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Matrox Parhelia APVe Review

Key Specifications

  • Review Price: £235.00

Matrox used to be a force to be reckoned with in the performance desktop graphics market, but a few years ago it bowed out of the race and left ATI and nVidia to their own ever spiralling R&D cycles. Meanwhile Matrox has carved itself out a niche market, where product life spans can exceed the few months enjoyed by high-end 3D gaming cards. It’s therefore surprising that I’m looking at the second new Matrox card in as many months – I guess Parhelia cards are like those proverbial busses!


When I say that Matrox carved itself out a niche, there were actually a few niches, and the Canadian company managed to do well in all of them. To be frank though, those multiple niches all complemented each other – producing multi-display graphics cards was obviously a bonus for video editors and worked well with Matrox’s popular video editing solutions. But outside of the video editing arena, Matrox also saw a lot of success in high-end visualisation, where its multi-head cards could be used to drive very high resolution displays such as the ViewSonic VP2290b.


It’s therefore not uncommon to see Matrox cards nestling in many high-end imaging or video editing computers, often with astronomical price tags, but you don’t always have to take out a second mortgage in order to take advantage of Matrox technology.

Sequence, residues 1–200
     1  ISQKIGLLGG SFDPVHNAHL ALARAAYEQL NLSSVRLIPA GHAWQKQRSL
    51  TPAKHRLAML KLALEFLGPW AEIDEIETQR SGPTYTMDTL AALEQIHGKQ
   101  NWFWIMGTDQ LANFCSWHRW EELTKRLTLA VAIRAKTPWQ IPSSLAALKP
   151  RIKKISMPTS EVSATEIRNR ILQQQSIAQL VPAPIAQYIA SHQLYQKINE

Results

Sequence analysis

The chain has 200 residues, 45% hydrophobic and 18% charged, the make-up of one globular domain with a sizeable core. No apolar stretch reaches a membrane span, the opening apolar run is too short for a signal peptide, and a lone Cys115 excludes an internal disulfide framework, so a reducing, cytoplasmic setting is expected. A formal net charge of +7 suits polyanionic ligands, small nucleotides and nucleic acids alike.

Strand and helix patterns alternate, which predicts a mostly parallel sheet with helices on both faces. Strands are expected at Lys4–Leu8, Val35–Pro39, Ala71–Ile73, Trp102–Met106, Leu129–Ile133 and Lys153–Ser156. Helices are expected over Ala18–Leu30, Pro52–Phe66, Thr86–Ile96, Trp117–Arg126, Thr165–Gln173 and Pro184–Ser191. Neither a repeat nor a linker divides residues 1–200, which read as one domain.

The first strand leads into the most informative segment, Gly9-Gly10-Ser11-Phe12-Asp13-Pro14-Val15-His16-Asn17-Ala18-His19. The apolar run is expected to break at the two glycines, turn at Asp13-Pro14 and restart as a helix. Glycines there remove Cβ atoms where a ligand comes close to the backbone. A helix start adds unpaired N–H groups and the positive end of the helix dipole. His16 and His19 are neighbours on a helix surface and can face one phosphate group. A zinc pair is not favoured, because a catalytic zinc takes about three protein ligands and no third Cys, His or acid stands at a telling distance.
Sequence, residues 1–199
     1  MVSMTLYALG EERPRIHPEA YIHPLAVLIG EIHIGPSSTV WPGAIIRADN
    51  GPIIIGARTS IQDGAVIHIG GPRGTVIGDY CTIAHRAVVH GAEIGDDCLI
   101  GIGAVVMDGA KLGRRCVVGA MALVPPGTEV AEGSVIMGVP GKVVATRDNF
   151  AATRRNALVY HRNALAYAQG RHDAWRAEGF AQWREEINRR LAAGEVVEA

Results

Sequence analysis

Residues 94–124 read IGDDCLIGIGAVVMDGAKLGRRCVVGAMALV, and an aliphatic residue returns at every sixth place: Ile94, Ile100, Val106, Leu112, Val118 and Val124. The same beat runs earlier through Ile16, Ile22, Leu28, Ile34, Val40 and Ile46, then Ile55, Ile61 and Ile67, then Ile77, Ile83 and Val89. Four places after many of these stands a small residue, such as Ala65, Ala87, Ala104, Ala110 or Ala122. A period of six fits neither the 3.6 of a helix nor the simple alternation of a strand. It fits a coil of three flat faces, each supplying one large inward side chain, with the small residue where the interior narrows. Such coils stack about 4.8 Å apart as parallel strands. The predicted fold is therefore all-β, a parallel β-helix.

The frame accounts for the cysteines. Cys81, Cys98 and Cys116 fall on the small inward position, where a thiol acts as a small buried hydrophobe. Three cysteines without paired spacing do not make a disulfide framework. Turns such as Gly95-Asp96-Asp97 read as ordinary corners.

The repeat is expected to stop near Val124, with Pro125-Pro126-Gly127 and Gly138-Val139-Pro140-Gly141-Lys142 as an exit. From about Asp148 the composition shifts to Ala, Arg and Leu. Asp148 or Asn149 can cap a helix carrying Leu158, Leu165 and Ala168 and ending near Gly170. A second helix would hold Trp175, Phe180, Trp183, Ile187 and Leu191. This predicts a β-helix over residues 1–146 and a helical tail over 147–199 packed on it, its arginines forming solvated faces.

This latest Matrox card is aimed at the video editor that wants to dip his or her toe in the waters of high definition video. At its base level, the Parhelia APVe is a PCI Express based graphics card with the full Parhelia feature set, incorporating 128MB of video memory, twin DVI outputs and a dedicated S-Video input. So far, so normal, but it’s the range of connection options that makes the APVe special.


Matrox is aiming the APVe at a video editor that already has a dual screen setup, but wants to be able to output HD and SD content to a dedicated video monitor. The APVe will drive dual TFT screens at resolutions up to 1,920 x 1,200 over DVI and still manage to output Standard Definition video to a dedicated monitor. However, if you want to take advantage of the high definition video output, you’re going to have to forsake one of your DVI connections – ultimately leaving you with the option of using two screens via analogue connection or one analogue and one DVI.